Uncle Jerry doesn’t talk much, which might be kind of good, because there are plenty of people in our family who do. Two weeks ago we had a little mix-up at my house. Mom went to Pierre, to buy flowers for the motel planters, and to spend the night with a friend. She thought Dad was taking care of me. Well, Dad thought Mom was going the next day, so he went out-of-town to check on a job.
Spaghetti at Mom and Dad’s (Bill and Loretta Francis) Mom and Dad, Elsa Peck, Uncle Jerry and Aunt Elna (Miller) I’ve seen Aunt Elna laugh like that a hundred times.I don’t think the man on the end is Harold Peck, Elsa’s husband. He might be taking the picture.
When I got home after school, no one was there. (Billy was gone somewhere too.) I waited until suppertime and started getting hungry. Murdo is a small town. If your Mom and Dad get mixed up, there is always somewhere to go. I started walking and headed South of Hwy 16. I was really hungry by then, so I stopped at the first relative’s house I came to. Aunt Elna is a good cook, and I like to play with my cousins, Andrea, Stephanie, and Greg. Aunt Elna said, “Sure you can stay here, and we’ll just keep calling your house in case someone gets home.” Then, we all had chicken pot pies.
Al Leckey, Bill Francis, Jerry Miller
I ended up spending the night and the next morning, Uncle Jerry got me up early and took me to my house so I could change my clothes and get my saxophone for band practice. I thought that was pretty nice. He even gave me a ride to band practice.
Since I’m writing about Uncle Jerry, I will tell you about his office. My other cousins and I don’t go in there, because that’s where all his house plans, and other work stuff are kept.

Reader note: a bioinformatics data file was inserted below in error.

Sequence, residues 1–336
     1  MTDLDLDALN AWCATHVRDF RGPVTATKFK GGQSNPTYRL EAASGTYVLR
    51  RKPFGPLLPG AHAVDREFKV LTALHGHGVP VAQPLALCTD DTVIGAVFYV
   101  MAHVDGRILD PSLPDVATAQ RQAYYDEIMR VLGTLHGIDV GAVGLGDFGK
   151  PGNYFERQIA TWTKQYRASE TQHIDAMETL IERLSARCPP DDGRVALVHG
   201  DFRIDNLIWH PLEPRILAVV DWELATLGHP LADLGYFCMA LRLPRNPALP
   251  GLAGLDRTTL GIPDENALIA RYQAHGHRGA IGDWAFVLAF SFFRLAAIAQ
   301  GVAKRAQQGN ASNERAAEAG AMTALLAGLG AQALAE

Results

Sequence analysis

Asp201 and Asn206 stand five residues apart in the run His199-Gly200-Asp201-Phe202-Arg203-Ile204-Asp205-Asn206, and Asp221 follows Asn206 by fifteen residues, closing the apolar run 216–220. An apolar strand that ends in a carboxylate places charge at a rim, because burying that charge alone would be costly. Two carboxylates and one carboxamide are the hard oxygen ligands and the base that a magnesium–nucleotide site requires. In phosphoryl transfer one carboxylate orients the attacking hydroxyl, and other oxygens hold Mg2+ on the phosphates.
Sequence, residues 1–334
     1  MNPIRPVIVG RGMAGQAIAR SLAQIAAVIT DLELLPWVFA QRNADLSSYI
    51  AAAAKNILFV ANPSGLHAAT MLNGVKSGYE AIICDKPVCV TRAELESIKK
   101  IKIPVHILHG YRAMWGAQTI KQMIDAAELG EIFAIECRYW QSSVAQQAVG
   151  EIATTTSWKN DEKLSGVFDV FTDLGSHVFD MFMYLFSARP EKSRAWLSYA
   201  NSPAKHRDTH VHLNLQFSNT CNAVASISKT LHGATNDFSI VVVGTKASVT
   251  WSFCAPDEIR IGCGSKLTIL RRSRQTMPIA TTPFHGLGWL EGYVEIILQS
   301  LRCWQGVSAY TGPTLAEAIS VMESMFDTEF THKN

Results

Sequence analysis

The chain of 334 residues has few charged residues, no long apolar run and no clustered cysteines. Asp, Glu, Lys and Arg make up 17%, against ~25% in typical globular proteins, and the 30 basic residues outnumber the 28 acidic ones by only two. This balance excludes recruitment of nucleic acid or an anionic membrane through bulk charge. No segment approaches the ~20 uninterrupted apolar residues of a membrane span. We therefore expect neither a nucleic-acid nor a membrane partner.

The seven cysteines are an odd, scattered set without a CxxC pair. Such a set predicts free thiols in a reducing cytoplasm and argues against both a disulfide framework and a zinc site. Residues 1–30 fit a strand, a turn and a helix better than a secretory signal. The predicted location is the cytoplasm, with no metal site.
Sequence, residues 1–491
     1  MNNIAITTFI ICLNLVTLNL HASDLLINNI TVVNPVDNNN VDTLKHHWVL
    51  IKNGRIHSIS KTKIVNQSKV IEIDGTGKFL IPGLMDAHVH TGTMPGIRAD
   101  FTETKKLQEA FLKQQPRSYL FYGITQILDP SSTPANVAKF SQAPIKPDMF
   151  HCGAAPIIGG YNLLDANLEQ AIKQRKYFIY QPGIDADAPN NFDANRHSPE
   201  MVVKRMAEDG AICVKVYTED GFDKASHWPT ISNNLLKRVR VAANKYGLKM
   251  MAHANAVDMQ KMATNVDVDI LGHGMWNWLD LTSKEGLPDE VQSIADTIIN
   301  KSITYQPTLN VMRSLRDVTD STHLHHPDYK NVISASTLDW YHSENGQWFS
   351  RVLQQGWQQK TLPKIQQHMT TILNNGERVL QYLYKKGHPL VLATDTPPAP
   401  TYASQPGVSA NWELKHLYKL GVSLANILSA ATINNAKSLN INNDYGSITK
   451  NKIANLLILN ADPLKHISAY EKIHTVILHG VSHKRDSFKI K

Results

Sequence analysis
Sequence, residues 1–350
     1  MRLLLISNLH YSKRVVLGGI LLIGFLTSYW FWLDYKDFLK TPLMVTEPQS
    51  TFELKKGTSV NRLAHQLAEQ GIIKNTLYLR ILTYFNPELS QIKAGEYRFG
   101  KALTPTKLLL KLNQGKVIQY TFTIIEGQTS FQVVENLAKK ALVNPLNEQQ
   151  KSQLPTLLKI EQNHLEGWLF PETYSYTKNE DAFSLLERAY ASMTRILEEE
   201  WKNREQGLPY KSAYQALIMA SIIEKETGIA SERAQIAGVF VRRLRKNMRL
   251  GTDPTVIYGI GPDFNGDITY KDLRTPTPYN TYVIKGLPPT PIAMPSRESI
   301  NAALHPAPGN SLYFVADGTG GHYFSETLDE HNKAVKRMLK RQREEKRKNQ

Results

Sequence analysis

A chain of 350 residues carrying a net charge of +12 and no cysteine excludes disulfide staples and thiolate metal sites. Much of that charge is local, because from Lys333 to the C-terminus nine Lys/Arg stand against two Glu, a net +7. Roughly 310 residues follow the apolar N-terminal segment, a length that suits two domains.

Guess what? My cousin Andrea, (Jerry’s daughter), invited my cousin Valerie to go into Uncle Jerry’s office. She said there’s a really nice stereo in there. She got to listen to a Gene Pitney album. I love Gene Pitney. He sings “A Town without Pity.”
I’ m going to ask Stephanie if I can hear it too.
Uncle Jerry does a lot of work on the Cabin
The Days were Splendid, Every One
The past never stays in the past. God gave us memories so that we could have roses in December…
Presho, South Dakota was laid out in 1905 and was named after J.S. Presho, a cattleman.
Murdo, South Dakota was founded in about 1907 and was named in honor of cattle baron, Murdo MacKenzie.
Sorry, Sherri…Unique as always, Murdo was the (first) name of the cattle baron it was named after. I think cattle barons must have been a little higher up than cattlemen as far as the social implications were concerned.
In fact, I was unable to find a photograph of Mr. Presho. Mr. MacKenzie was easy to find as he was reported to be the most influential cattle baron in America.